“Talent without exposure is nothing”, says Sourav Ganguly at India Leadership Council Event


Mumbai: Former Indian captain Sourav Ganguly, known as the most fierce Indian captain and a force to be reckoned with in the world of cricket, shared his leadership mantras and management principles from his time on the field, to eventually leading team India, and the parallels one can draw to the corporate world. The BCCI President was in conversation with Deepak Lamba, CEO, Worldwide Media, President, Times Strategic Solutions Limited at an exclusive gathering organized by The Economic Times India Leadership Council for its Members who are prominent CEOs and Managing Directors from across India Inc.

Deepak quizzed Sourav on his life experiences and anecdotes on leadership, from his exposure as a 17-year-old competing in his first international event in Perth, Australia, and being starstruck by playing with some of cricket’s greats to eventually becoming captain. “A lot of my leadership learnings have come from my own personal experiences, I have rarely relied on books,” Sourav responded. “As a youngster, being witness at close quarters to the sort of power centres within the team, please share with us your experiences that are both positive or negative, and a few anecdotes that left a mark on your mindset that led you to your captaincy,” asked Deepak. Sourav replied, “I have seen the actual transformation of cricket over time. There were people with different mindsets, and I realised very early on that there was no shortage of talent within the team,” Sourav said, “but talent without exposure is nothing.I had some great players under me who could have gone on to become captain at any time, and I was fortunate enough to meet those great players, so I saw it not only as an honour but also as an opportunity to change things, to make it an even platform for everyone to express themselves. When you selected an individual, you firstly selected them based on their abilities, and second, you selected them to succeed. And for me, their career was as important as mine because I know what it took to get here, to represent India,” Sourav replied.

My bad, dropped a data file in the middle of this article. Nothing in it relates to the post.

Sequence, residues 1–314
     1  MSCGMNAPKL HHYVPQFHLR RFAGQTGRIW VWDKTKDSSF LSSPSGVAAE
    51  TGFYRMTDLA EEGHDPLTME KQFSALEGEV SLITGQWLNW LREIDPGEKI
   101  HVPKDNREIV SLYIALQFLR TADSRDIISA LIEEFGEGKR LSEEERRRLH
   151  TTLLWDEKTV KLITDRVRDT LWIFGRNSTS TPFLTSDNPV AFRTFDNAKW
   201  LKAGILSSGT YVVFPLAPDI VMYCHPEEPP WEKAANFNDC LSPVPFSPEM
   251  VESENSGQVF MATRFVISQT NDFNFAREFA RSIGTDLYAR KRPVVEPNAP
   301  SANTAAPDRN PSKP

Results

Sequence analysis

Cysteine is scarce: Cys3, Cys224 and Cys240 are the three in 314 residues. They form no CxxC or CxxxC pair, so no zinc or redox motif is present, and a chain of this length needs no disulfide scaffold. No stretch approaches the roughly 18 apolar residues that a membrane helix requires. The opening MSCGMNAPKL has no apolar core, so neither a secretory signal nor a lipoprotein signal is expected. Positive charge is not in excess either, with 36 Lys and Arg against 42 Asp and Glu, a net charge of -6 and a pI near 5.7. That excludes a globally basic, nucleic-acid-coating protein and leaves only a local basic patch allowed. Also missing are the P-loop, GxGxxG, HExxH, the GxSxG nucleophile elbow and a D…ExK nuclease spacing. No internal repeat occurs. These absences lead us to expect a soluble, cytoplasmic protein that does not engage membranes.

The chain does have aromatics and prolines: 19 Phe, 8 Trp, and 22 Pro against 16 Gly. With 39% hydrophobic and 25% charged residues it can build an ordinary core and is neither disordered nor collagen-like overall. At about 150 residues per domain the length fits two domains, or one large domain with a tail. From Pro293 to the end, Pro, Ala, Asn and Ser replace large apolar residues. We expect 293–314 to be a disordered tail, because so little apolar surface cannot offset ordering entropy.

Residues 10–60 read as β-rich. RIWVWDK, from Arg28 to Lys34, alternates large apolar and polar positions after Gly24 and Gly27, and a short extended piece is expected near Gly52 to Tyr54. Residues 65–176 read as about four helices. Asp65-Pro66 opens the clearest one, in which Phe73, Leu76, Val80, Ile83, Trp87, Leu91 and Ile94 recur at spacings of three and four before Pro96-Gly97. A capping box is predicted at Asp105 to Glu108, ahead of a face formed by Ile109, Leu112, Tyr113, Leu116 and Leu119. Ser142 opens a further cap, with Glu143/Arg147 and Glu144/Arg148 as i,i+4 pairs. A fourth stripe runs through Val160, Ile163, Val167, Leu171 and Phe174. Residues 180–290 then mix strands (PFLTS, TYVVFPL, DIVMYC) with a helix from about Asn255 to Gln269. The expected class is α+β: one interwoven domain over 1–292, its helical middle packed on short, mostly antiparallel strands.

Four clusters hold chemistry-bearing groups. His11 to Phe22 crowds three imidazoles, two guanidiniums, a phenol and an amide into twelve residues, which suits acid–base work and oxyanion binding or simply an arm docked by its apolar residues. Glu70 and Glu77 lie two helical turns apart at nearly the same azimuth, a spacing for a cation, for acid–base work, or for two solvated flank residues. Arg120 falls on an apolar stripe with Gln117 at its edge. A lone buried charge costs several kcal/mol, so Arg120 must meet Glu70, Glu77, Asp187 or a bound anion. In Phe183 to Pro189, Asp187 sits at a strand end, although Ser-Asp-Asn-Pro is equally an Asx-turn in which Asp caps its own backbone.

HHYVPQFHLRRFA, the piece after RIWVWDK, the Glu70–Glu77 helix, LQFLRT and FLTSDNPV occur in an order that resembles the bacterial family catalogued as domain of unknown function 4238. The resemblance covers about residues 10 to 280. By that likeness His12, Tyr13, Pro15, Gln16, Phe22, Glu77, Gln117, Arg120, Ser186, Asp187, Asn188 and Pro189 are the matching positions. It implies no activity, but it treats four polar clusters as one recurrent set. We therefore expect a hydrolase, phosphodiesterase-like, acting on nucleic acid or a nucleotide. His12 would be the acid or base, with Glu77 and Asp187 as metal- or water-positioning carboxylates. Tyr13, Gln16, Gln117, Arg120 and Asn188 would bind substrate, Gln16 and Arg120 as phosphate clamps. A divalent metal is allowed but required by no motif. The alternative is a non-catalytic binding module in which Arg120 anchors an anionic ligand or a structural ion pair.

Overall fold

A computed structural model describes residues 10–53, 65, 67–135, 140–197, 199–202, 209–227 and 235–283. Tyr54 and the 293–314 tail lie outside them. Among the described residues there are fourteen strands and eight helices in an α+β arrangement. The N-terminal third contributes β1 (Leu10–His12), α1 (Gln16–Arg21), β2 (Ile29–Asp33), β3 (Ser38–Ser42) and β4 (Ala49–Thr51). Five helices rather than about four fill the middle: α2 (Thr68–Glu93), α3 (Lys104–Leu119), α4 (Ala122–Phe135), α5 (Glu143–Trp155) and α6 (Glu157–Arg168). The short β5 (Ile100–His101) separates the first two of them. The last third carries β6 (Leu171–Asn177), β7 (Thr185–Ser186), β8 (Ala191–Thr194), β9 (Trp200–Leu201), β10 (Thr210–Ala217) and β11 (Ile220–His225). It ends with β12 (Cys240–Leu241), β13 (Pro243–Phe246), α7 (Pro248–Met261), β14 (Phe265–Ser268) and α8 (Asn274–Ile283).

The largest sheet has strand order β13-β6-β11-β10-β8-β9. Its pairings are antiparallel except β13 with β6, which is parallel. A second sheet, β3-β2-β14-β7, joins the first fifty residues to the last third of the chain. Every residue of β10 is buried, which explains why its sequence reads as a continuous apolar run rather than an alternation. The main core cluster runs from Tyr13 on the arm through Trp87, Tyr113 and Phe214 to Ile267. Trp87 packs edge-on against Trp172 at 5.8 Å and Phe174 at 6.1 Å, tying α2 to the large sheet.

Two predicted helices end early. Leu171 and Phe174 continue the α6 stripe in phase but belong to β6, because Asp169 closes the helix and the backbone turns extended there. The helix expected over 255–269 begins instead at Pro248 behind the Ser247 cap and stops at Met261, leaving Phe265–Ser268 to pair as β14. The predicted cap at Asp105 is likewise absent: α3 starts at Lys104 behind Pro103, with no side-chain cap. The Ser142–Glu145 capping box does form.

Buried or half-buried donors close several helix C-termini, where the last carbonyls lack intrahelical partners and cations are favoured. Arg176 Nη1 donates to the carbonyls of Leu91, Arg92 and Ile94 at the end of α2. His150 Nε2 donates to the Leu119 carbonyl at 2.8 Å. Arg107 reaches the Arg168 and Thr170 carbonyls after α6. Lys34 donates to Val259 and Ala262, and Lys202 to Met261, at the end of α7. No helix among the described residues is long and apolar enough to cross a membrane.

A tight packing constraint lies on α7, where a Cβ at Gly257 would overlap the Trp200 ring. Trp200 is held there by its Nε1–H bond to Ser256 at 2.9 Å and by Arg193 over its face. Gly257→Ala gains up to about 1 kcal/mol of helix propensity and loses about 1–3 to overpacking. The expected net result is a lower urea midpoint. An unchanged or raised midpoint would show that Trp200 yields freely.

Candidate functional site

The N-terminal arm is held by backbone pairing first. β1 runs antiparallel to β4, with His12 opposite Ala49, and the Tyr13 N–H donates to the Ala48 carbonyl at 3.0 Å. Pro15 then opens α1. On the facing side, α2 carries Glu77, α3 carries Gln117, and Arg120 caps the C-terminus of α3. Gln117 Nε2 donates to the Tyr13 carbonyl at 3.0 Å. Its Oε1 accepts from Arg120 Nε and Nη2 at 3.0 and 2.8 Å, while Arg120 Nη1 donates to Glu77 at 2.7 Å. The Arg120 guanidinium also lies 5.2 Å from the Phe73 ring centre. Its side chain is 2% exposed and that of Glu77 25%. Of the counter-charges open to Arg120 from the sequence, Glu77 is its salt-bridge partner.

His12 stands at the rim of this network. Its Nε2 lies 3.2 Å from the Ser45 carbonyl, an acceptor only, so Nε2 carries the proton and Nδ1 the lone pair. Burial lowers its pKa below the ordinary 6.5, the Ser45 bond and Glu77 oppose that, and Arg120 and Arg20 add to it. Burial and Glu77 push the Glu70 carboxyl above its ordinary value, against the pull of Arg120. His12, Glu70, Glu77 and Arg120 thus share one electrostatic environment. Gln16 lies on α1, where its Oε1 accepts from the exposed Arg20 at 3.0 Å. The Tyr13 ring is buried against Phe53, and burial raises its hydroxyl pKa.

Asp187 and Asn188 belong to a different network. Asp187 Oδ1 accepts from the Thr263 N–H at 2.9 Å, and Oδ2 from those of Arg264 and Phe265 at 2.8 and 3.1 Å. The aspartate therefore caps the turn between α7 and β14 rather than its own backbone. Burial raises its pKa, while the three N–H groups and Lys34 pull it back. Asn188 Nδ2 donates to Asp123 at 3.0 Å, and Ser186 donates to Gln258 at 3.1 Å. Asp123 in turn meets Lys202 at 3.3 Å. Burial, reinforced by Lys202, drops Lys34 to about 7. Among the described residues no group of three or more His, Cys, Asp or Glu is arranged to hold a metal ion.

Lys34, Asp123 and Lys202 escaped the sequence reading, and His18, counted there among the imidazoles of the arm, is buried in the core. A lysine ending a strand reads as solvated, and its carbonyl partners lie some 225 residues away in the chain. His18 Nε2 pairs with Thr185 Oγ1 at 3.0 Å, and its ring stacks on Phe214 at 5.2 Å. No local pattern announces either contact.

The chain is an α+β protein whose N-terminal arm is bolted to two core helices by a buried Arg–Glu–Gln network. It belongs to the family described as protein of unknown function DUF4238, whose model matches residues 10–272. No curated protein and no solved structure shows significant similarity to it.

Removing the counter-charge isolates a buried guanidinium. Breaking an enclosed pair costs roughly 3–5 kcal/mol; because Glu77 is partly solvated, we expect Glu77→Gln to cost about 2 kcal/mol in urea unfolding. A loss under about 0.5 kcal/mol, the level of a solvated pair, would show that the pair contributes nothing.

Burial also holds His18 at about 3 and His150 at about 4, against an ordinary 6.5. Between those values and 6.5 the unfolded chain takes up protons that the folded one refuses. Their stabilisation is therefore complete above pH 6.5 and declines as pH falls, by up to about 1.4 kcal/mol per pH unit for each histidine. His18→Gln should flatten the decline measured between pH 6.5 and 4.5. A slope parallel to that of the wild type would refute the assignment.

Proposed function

On being asked about what’s common in being captain and managing BCCI, Sourav replied, “I believe that the common thing is managing individuals. This country has exceptional talent, ranging from young players to young corporate employee. I genuinely believed that if I wanted to be the captain of a successful team, I had to respect my colleagues so that they could become good players, and that it’s never the other way around; you can’t keep everything to yourself and expect good things to happen; it won’t happen,” he added.

Talking about self-belief, Deepak stated, “I believe that once a person gains a sense of belonging, an ordinary individual is capable of extraordinary feats. At what point did you gain that self-belief to lead the Indian cricket team, when given the captaincy.” Sourav responded,”everyone is nervous, with new responsibility, nervousness is good. Self-belief changes with performances, with failures and successes, it’s a cycle. No one will fail or succeed all the time, but the best in the business, will succeed more often than others. Every individual should know that when you gain success, it should be big enough to mask your failures.”